While all of the above writers are on the mark, one wonders whether these ANAL-ysts ever read our input. Their idea of market share does NOT include profit. MacNN correctly points out that the Mac stuff overwhelmingly won out on Black Friday over Android. It might be interesting to know why.
Randian Nov 27, 2012 02:48 PM
It is abundantly clear that no part of this "study/survey" includes iPad Mini numbers, for they have just recently started shipping/being delivered. And that is a fact. (My wife just got hers yesterday.) This same "article" will show vastly different numbers in the next quarter. Guaranteed!
davesmall Nov 27, 2012 03:27 PM
What you have here is a herd of iPad wannabe manufacturers churning out cheap plastic iPad knock-offs and hoping that price concessions will give them sustainable market share.

There will always be a market for cheap plastic fake iPads. Apple won't go there.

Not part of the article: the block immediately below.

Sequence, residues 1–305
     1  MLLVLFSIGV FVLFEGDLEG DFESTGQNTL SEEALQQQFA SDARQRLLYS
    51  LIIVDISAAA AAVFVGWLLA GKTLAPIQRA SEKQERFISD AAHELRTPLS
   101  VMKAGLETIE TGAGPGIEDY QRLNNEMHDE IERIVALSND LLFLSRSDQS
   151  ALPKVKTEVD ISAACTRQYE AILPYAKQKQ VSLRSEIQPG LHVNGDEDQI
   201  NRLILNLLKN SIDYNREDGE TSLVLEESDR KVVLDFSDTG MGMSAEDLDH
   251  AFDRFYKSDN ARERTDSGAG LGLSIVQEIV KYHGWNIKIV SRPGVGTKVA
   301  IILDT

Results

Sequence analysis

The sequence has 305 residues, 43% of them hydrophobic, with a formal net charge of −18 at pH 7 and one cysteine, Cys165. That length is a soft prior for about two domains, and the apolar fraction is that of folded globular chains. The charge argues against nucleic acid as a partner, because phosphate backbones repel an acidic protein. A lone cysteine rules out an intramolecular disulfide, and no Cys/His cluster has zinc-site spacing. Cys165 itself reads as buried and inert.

Those inferior products serve to validate Apple as the market leader.
FreeRange Nov 27, 2012 04:13 PM
Totally bullshit survey. First, most kindle devices are not "tablets" but simply e-readers which is a totally different category yet they still get lumped in. Second, their assumptions about the iPad mini are absolutely laughable! Apple can't make these products fast enough and they still haven't launched in all markets. Demand continues to outstrip supply across the board for Apple.
Zanziboy Nov 27, 2012 04:32 PM
This report is a re-run. Essentially, iPad sales slowed in Q3 due to iPad Mini rumors. Sadly, Q4 (which is Apple's Q1) is fraught with production shortages (e.g. delayed launch of LTE iPad Mini). I would not be surprised if the numbers for Q4 are slightly down as well.
Aaron Smith Nov 27, 2012 05:01 PM